- Get your credit card company to stop charging you over-the-limit fees, annual membership fees, and late payment penalties.
- Freeze your credit card accounts until your balances are paid off. Some credit card companies will actually close your account and make you apply for a new card once your debt is paid off.
It is important to note that a reputable non-profit won't recommend a DMP to just anyone. According to the National Foundation for Credit Counseling, about one out of every four people is able to sustain a DMP. A DMP can't really help you if you still can't afford to make your payments even after your interest rates are lowered and your penalty fees are waived.
6. They Will Level With You About Your Need to File For Bankruptcy.
According to the NFCC, about 10% of all credit-counseling clients probably should consider bankruptcy. A good credit-counseling agency will let you know right away if you are in that 10%. Under the Bankruptcy Abuse Prevention and Consumer Protection Act of 2005, you're not allowed to file for bankruptcy without first working with an approved credit-counseling agency, and a good agency will provide you with legally required pre-filing counseling. What a good counseling agency won't do is push you to use a particular bankruptcy lawyer. (I talk about finding a good bankruptcy attorney in Chapter 14 of Debt Free for Life).
7. They Will Provide You with References and Testimonials.
Most reputable non-profit credit counselors take great pride in the success stories of their customers -- and they should be willing to provide you with references from people they have helped. If you're considering a credit-counseling agency that wasn't recommended to you by someone you know, ask them for the names of three former clients whose situations were similar to yours and who might be willing to talk about their experiences.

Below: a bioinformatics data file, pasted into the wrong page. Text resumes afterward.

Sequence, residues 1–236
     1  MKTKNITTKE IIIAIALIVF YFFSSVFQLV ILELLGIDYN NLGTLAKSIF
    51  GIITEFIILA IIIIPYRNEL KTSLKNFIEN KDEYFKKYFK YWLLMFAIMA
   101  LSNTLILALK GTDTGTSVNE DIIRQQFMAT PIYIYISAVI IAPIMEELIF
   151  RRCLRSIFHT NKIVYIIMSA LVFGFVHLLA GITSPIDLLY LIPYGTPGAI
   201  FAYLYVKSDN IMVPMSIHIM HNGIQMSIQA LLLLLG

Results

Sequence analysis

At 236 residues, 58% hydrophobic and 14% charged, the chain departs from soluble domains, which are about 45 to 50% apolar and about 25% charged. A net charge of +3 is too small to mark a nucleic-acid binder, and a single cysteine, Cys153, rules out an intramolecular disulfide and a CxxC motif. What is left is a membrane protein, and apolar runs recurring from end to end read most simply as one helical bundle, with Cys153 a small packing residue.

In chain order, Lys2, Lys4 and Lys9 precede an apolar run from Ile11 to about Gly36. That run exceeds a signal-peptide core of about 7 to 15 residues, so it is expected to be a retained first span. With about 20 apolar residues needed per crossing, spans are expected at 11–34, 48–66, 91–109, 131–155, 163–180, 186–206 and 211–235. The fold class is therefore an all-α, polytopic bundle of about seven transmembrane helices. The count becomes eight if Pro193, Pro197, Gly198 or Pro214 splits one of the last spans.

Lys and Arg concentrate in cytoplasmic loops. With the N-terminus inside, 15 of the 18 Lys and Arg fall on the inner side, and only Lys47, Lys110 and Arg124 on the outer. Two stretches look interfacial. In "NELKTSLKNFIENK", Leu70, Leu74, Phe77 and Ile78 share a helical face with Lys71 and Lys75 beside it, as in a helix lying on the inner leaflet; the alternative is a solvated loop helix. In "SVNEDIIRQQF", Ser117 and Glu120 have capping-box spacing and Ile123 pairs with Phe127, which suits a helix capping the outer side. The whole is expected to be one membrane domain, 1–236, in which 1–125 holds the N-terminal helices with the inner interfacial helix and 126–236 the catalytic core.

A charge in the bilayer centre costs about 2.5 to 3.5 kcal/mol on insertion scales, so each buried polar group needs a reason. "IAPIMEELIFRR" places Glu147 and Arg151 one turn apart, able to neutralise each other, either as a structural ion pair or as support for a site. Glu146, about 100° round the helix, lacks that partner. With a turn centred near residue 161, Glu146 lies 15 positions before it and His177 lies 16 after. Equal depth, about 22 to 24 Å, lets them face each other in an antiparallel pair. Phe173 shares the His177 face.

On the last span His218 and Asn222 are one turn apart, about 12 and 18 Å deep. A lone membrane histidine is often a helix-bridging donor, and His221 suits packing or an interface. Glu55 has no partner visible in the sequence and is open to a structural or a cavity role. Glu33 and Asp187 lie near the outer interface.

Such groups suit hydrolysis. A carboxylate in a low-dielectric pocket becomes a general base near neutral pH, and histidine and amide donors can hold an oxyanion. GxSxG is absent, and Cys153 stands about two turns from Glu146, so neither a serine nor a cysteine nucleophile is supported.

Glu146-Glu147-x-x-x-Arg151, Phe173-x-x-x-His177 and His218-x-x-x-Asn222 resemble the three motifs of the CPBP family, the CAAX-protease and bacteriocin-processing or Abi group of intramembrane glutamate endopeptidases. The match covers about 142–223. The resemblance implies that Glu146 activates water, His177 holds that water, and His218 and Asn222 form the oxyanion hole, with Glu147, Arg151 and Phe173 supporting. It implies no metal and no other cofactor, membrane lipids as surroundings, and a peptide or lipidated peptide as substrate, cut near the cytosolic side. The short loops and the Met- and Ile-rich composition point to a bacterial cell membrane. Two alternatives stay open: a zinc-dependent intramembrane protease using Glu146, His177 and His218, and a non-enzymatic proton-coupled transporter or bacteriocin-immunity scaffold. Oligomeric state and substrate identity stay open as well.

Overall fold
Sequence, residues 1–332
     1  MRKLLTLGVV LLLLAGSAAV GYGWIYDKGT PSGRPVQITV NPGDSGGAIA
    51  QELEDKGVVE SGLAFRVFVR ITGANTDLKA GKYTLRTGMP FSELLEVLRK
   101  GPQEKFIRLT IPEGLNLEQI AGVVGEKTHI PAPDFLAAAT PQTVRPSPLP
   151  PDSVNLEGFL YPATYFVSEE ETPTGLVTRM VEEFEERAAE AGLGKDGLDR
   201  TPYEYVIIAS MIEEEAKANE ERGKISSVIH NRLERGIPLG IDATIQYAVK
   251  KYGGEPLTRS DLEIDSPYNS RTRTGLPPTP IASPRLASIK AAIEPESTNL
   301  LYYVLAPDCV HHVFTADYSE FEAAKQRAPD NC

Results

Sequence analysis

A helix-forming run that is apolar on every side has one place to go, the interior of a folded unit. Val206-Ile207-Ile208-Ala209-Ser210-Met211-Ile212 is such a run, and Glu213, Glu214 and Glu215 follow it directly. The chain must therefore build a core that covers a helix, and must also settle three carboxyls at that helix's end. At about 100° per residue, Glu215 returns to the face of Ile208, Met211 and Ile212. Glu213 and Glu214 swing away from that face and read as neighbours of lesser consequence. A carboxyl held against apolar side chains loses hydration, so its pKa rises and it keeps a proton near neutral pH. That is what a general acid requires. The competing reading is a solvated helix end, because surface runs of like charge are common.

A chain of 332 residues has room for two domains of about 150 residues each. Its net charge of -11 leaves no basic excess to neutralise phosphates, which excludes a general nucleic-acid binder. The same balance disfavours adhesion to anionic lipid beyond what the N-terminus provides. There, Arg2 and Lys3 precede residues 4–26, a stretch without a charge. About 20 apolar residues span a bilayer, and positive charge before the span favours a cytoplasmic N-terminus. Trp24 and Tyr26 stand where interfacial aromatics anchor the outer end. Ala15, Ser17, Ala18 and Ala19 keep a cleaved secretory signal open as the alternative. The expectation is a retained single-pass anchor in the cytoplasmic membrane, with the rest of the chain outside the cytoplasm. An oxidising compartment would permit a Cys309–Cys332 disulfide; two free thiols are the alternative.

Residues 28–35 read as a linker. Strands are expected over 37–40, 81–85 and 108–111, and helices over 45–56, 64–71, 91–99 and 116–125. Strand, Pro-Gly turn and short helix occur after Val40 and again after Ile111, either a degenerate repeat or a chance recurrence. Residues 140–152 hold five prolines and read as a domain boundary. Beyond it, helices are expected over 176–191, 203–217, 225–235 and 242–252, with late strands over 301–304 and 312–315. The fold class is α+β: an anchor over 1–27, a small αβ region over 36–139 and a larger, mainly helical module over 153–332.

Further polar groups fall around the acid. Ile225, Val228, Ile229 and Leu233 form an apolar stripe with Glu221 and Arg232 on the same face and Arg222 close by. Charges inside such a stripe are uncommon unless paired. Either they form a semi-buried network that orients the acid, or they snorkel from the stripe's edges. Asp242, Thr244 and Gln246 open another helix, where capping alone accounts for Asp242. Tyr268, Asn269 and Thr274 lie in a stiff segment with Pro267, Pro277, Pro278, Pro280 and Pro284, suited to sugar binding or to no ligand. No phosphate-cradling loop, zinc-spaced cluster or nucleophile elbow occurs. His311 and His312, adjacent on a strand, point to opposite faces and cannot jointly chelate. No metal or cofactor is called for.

8. They Will Happily Explain Their Fees Up Front.
Any honest, accredited non-profit credit-counseling agency will be happy to explain exactly how much they charge and put it in writing. Many won't charge you anything for the first appointment. In most cases, you will have to pay a monthly fee if you enter a DMP, but this, too, should be nominal -- usually $50 a month or less. If you can't afford to pay, most non-profit consumer counseling organizations will still work with you. Both the NFCC and AICCCA membership guidelines say that consumers cannot be denied service based on inability to pay.
The road to financial freedom can be long and arduous so if you feel that you need some outside guidance to get your finances on track you will need to find the right agency to help you.
To find a reputable credit-counseling agency, contact the NFCC (800-388-2227) or the AICCCA (866-703-8787). If you feel like you may not necessarily need the assistance of a non-profit credit counselor but still want some help to keep you on track while getting out of debt, visit my website finishrich.com for financial info and resources. Also be sure to check out debtwise.com for a do-it-yourself online debt reduction tool I've created with Equifax to help you automate your way out of debt.